Success rates of standard treatments for inoperable primary pancreas and liver tumors are poor, but a radiotherapy technique that combines classical, modern, and novel concepts is offering renewed hope of long-term survival for these patients.
Stereotactic ablative radiation therapy (SABR) or hypofractionated ablative radiotherapy incorporates image guidance and internal organ motion control to deliver radiation doses high enough to reliably ablate tumors.
Ablation of the Tumor Is Key
Radiation therapy is used as a standard curative treatment option in many different solid tumors. SABR is a recent radiotherapy innovation that has been a successful technique to ablate small lung tumors that are not near critical organs. Another treatment that is commonly used is low-dose stereotactic body radiotherapy (SBRT). It uses the same stereotactic delivery techniques that are used with the SABR method but must be delivered at reduced doses in order to protect sensitive organs such as those near the pancreas and liver. Patients and physicians often confuse the SABR with SBRT. Unfortunately, this reduced dose does not deliver the necessary ablative effect (1).
The reduced-dose approach of SBRT came about because initial studies of its use at higher doses in tumors near the gastrointestinal tract reported significant toxicity to surrounding organs. To counteract this side effect, physicians lowered the doses to 25-33Gy, given over three to five days, for liver and pancreatic tumors to ensure the treatment is well tolerated. This is roughly half the dose needed for ablation of even small tumors.Back to top
Refining Stereotactic Ablative Radiation Therapy
The emergence of SABR and its success in lung cancer led to its use in ablating liver metastases. SABR (50Gy delivered in five days) achieves excellent results (>90% local tumor control at five years) for small lung and liver tumors that are not amenable to resection or other ablative approaches. These experiences led to the exploration of the use of SABR for larger, inoperable primary pancreatic and liver tumors.
Over the past decade, my colleagues and I have used several strategies to overcome the issue of toxicity risk and subsequent damage to critical organs such as the stomach and duodenum. By increasing the number of treatments to allow time for repair of radiation damage to normal tissues between treatments, incorporating the use of daily CT image guidance, and employing meticulous internal organ motion control, we have made it possible to deliver ablative doses safely.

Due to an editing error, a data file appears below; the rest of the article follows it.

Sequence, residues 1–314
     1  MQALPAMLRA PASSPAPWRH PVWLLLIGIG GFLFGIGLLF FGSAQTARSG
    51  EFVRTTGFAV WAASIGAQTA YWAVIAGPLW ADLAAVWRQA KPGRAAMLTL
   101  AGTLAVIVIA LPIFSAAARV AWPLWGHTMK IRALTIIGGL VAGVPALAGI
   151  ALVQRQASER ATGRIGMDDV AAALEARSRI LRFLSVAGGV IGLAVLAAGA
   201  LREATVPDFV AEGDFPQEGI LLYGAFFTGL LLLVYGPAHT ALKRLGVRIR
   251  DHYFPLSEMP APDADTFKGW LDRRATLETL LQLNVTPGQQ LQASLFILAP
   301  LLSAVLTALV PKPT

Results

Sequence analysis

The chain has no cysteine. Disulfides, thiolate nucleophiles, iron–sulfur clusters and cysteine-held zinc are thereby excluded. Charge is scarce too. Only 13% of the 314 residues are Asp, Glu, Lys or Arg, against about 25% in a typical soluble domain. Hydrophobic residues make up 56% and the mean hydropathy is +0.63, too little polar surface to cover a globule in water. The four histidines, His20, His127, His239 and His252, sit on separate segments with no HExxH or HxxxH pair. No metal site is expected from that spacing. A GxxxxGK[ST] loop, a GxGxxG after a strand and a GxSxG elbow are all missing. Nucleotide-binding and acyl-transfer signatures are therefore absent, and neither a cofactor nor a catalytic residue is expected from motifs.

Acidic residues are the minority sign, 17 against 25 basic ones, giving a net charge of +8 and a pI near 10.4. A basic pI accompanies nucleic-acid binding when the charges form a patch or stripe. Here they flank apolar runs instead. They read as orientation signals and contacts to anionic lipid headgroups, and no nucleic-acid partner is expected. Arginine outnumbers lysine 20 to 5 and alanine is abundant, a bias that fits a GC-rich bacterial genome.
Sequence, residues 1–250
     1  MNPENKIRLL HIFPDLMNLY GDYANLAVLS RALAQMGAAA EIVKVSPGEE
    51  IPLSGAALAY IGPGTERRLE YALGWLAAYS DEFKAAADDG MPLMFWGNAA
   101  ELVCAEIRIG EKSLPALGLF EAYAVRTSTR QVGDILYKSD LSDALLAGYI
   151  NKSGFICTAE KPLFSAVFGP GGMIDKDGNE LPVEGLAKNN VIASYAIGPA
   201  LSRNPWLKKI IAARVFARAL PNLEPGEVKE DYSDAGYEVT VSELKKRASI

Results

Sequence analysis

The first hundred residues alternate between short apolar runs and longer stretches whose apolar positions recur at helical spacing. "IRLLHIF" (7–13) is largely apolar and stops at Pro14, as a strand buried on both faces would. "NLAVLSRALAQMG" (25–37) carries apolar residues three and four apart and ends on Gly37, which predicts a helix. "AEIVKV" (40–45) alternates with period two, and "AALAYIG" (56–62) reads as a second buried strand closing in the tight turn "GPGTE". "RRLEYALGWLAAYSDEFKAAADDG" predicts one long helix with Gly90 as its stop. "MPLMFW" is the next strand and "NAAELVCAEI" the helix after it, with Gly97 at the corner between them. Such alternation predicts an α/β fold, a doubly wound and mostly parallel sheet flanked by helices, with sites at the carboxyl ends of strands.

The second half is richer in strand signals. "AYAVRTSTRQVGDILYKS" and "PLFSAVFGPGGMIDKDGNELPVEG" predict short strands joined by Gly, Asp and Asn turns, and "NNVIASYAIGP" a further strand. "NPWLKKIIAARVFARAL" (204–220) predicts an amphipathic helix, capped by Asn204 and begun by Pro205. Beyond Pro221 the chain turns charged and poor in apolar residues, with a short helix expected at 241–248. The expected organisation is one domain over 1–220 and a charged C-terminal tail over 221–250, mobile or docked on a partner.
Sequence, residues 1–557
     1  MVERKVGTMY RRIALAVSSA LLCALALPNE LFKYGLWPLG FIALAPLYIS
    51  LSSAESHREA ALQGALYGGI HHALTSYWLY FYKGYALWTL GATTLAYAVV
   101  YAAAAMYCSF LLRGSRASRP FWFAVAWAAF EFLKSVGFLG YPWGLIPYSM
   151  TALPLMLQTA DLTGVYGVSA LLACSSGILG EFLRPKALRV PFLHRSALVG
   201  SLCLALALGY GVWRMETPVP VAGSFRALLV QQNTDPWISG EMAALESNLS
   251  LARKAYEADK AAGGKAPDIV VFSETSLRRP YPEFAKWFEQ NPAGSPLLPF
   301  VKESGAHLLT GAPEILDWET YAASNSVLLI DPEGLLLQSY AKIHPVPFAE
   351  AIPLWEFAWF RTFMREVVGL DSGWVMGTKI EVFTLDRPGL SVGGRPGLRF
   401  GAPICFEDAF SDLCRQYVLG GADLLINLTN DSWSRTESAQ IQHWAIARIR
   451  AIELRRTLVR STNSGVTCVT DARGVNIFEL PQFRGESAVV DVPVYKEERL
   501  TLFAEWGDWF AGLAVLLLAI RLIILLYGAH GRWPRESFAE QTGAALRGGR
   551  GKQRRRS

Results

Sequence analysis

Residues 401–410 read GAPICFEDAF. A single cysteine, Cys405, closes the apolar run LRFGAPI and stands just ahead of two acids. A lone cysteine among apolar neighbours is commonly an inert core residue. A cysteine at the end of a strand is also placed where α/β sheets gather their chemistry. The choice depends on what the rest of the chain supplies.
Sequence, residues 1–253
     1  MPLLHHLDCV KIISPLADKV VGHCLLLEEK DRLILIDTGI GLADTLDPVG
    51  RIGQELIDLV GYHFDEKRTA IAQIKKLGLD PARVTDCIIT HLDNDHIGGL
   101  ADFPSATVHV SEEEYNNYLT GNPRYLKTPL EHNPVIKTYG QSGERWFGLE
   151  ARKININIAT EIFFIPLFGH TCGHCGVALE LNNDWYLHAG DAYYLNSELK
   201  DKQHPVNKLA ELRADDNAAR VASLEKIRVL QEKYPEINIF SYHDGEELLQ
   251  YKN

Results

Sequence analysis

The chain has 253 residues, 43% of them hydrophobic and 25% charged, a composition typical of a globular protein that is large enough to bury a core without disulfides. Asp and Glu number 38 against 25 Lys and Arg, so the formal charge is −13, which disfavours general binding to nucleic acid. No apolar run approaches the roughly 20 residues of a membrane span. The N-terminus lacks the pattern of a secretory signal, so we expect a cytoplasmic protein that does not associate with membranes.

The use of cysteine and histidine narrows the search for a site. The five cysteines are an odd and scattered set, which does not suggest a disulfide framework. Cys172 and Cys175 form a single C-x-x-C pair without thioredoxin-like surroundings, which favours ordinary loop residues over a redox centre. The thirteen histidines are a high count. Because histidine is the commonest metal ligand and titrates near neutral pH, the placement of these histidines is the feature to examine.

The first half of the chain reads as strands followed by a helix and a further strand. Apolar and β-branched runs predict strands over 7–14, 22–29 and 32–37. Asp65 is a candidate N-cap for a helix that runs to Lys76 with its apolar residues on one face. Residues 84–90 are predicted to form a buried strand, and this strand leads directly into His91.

At Memorial Sloan Kettering, our current approach is to deliver 75Gy in 25 fractions or 67.5Gy in 15 fractions (Figure 1) (3), which are both equivalent to the effective ablative dose given in one week (50Gy in 5 days), and twice as high as the lower dose of SBRT that is given commonly for pancreatic and liver cancers.
Internal organ motion control is one of the novel aspects of SABR and is achieved by patients practicing a breath-holding technique while they undergo treatment. Tracking, abdominal compression, and gating are all options for respiratory motion control that are used to reduce dose to normal tissue and escalate dose to tumors. At MSK we use a technique of feedback-guided inspiratory breath-hold gating using the Varian Real-Time Position Management system.Back to top
Results of Stereotactic Ablative Radiotherapy Over Three to Five Weeks for Pancreas Tumors
Local tumor progression leads to mortality in up to half of all patients with locally advanced pancreatic cancer. My colleagues and I have recently published results of a study demonstrating that ablative doses of radiation can lead to long-term survival in such patients. According to our data, 35% of patients with unresected tumors who are alive at three years received an ablative dose. The longest survivors are alive after more than eight years (Figure 2) (1), (2).Back to top
Results of Stereotactic Ablative Radiotherapy (SABR) Over Three to Five Weeks for Liver Primary Tumors
For much the same reasons as pancreatic cancers, the sensitivity of nearby organs such as the bile duct makes large liver tumors challenging to treat with an ablative dose. Additionally, the presence of underlying liver disease, the sensitivity of the liver parenchyma to radiation, and internal organ motion due to respiration and luminal filling make treatment difficult. We address these challenges by using the same methods of controlling respiratory motion and CT image guidance to assess the position of the bowel (Figure 3) and by increasing the number of treatments. Adopting this approach has resulted in high long-term local tumor control and survival rates in inoperable hepatocellular carcinoma (90%) (4) and intrahepatic cholangiocarcinoma (IHC) (80%) (4), (5). Most of the IHC patients had initially received chemotherapy and were then selected for the use of radiotherapy. Effective local tumor control correlated with the use of an ablative dose, prevented tumor-related liver failure, and led to a substantial survival benefit (Figure 4). Failure to control the local tumor resulted in tumor related hepatic failure in 89% of patients.
In summary, we have refined a technique over the last decade that allows ablative doses of radiation to be delivered with low risk of toxicity to tumors near critical organs such as the stomach and duodenum. This approach offers hope to patients with inoperable primary pancreas and liver and tumors that long-term survival is possible.Back to top